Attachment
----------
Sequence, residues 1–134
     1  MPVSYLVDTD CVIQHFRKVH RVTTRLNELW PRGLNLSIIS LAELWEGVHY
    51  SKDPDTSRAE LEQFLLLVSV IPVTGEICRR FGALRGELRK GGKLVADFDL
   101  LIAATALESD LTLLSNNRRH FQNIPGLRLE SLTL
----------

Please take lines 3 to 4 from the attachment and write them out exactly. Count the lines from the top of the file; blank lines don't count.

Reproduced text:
    51  SKDPDTSRAE LEQFLLLVSV IPVTGEICRR FGALRGELRK GGKLVADFDL
   101  LIAATALESD LTLLSNNRRH FQNIPGLRLE SLTL